Appellant asserts that statements made to him by the interviewing officers, to the effect that confessing would allow the officers and the district attorney to “help” him, render his statements per se inadmissible.   Thus, he claims, the trial court abused its discretion in denying his motion to suppress and in admitting the statements at trial.   He relies on Sterling v. State, 800 S.W.2d 513 (Tex.Crim.App.1990), and a line of cases represented by Dunn v. State, 721 S.W.2d 325 (Tex.Crim.App.1986), and McVeigh v. State, 43 Tex.Crim. 17, 62 S.W. 757 (1901), for the proposition that if law enforcement officers offer improper inducements to a suspect in order to obtain a confession or statement, then the confession or statement is per se inadmissible.   According to appellant, “offering improper inducements” includes officers telling the suspect that any statements made by him could be used for or against him, implying that a confession might cause the district attorney to drop the prosecution or go easier on the suspect, or that a confession might result in “help” for the suspect.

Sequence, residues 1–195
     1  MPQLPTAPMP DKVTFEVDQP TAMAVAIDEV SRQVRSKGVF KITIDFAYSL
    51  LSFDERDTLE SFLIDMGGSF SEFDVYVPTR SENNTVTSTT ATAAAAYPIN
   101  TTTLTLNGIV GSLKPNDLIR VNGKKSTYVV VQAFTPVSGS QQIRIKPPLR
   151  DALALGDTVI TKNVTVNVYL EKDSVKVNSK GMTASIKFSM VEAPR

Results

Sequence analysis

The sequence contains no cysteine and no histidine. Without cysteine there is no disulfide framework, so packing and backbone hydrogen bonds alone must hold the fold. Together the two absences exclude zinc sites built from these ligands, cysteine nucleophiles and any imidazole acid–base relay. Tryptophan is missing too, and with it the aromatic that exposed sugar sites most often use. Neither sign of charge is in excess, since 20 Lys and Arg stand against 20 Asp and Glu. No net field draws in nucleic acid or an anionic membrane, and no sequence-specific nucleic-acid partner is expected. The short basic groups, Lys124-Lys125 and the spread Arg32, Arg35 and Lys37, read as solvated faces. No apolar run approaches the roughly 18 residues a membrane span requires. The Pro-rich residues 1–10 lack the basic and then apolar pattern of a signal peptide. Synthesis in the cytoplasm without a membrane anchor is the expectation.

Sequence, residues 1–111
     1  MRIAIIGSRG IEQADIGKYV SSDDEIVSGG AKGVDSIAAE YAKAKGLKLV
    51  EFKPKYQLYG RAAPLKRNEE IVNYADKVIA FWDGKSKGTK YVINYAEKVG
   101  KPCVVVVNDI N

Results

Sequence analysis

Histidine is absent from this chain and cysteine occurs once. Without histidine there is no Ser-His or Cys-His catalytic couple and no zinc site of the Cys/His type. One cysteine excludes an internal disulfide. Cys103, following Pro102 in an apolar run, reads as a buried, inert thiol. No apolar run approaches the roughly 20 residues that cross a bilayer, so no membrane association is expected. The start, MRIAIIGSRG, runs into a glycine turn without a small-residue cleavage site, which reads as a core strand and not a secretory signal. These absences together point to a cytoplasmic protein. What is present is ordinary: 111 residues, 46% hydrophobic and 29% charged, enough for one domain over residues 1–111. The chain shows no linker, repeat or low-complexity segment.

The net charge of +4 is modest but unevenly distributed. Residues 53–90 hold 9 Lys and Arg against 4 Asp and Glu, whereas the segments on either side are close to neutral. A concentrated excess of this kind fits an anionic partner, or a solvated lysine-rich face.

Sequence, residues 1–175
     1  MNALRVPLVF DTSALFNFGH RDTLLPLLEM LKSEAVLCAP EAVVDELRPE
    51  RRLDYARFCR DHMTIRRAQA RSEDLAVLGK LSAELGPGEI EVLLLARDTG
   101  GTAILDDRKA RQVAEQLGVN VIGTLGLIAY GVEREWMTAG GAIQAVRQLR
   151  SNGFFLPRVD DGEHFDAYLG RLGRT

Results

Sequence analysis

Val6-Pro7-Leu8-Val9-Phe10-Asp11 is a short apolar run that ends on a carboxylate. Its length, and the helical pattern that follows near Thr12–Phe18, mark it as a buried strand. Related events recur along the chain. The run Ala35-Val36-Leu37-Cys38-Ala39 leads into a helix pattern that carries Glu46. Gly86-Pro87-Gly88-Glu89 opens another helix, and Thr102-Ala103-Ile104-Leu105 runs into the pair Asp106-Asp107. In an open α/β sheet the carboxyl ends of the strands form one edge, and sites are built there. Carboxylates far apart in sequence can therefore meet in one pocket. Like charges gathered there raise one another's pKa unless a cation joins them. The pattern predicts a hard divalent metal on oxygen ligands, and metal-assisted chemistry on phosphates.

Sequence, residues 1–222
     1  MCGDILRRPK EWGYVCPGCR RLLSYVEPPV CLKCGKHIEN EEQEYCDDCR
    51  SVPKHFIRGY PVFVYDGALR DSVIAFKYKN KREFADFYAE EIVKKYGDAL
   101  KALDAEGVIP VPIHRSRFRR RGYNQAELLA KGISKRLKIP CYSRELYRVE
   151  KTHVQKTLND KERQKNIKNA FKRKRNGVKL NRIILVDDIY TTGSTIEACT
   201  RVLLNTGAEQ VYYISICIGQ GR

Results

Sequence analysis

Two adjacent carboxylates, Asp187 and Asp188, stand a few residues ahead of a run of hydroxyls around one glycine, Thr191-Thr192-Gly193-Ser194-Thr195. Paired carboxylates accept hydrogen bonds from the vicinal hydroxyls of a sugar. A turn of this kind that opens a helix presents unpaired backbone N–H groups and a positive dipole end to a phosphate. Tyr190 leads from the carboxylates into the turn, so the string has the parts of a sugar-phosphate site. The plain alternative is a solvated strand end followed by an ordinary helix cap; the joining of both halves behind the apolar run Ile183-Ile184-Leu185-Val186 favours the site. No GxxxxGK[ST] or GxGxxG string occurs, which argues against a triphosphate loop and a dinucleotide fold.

Appellant posits that such improper inducements by the officers are apparent on the face of the transcription of his first statement, making the first statement per se inadmissible.   He urges that the second statement, although not reflecting improper inducements on its face, is in actuality the product of a continuation of the first interview and his first statement which was improperly induced.   Appellant points to the short time lapse between the statements, the fact that Phillips took both statements and his closing comment in the second statement that he was sorry and that “I'd like some help” to prove the connection between the first statement and the second.   He concludes that because the first statement was per se inadmissible, the second statement was, likewise.   He asserts that admission of the statements harmed him because no other evidence linked him to the offense.